Domaine Rosier Jean Philippe Brut 2013
Their first "cuvée" was created in 1983 with a production of 600 bottles. The following year, 6000 bottles were produced under the ‘appellation’ Blanquette de Limoux. Today, they produce 650,000 bottles of Blanquette de Limoux and Crémant de Limoux in a newly designed, ultra-modern ‘Chai’ (wine production plant and storehouse) and have established a presence outside France in sixteen countries around the world.
The Blanquette de Limoux is undoubtedly one of the oldest sparkling wines in the world. Records show that monks from the town of St. Hilaire started producing it in 1531. The vineyards of Limoux are situated in the far western corner of the Languedoc region at altitudes varying between 200 and 600 meters.
An extensive appellation producing a diverse selection of good quality and great values, Languedoc spans the Mediterranean coast from the Pyrenees mountains of Roussillon all the way to the Rhône Valley. Languedoc’s terrain is generally flat coastal plains, with a warm Mediterranean climate and frequent risk of drought.
Virtually every style of wine is made in this expansive region. Most dry wines are blends with varietal choice strongly influenced by the neighboring Rhône Valley. For reds and rosés, the primary grapes include Grenache, Syrah, Carignan, Cinsault and Mourvèdre. White varieties include Grenache Blanc, Muscat, Ugni Blanc, Vermentino, Macabéo, Clairette, Piquepoul and Bourbelenc.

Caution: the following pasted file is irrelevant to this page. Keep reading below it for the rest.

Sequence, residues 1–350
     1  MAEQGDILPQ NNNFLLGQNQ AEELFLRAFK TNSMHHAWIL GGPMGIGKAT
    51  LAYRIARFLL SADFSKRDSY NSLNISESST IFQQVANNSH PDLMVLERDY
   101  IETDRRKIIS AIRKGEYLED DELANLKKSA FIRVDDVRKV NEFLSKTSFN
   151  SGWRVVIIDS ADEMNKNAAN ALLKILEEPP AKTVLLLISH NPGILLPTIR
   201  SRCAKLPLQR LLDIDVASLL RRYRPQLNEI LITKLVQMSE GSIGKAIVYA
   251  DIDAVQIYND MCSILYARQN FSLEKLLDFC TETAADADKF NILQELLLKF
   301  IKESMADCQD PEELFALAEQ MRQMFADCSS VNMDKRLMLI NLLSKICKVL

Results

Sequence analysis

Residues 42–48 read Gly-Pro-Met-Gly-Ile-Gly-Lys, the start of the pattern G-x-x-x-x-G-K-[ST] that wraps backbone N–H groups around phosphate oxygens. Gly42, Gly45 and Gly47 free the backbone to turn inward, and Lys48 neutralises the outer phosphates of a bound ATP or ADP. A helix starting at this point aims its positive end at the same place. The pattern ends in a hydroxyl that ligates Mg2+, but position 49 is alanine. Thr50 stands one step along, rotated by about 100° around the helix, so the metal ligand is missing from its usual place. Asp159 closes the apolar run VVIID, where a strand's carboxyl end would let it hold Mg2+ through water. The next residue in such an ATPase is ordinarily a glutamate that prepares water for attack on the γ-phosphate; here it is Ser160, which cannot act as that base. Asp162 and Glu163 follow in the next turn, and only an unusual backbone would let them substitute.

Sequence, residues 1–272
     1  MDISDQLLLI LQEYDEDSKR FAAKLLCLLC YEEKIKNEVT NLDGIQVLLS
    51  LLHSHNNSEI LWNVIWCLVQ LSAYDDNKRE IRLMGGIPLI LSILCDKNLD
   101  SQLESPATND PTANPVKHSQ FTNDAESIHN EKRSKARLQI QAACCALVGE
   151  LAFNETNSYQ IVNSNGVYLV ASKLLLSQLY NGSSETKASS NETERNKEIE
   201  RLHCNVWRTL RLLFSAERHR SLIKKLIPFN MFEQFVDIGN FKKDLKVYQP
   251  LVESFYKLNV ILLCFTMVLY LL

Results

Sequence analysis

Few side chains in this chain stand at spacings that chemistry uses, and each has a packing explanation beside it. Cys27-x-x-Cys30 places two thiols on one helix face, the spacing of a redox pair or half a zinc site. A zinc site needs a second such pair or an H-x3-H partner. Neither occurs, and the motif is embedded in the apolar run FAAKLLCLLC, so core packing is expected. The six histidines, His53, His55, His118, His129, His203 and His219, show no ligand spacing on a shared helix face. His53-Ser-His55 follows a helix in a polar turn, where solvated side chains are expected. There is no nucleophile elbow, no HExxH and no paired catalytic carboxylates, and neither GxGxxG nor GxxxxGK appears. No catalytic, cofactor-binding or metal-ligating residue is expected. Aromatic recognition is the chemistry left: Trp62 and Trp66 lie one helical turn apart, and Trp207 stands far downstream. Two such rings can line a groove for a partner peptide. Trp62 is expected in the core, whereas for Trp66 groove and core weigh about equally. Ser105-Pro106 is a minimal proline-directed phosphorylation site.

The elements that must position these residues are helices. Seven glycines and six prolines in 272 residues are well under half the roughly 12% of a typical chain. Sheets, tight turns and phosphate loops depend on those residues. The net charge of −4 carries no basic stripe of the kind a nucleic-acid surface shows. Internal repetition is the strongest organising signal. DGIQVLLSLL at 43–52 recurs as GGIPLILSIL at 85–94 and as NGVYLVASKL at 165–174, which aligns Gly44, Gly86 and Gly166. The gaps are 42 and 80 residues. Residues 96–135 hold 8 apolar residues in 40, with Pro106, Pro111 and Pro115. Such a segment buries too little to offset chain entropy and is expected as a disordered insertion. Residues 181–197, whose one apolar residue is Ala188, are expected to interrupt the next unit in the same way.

International varieties are also planted in large numbers here, in particular Chardonnay, Sauvignon Blanc and Cabernet Sauvignon.
The key region for sparkling wines here is Limoux, where Blanquette de Limoux is believed to have been the first sparkling wine made in France, even before Champagne. Crémant de Limoux is produced in a more modern style.
Representing the topmost expression of a Champagne house, a vintage Champagne is one made from the produce of a single, superior harvest year. Vintage Champagnes account for a mere 5% of total Champagne production and are produced about three times in a decade. Champagne is typically made as a blend of multiple years in order to preserve the house style; these will have non-vintage, or simply, NV on the label. The term, "vintage," as it applies to all wine, simply means a single harvest year.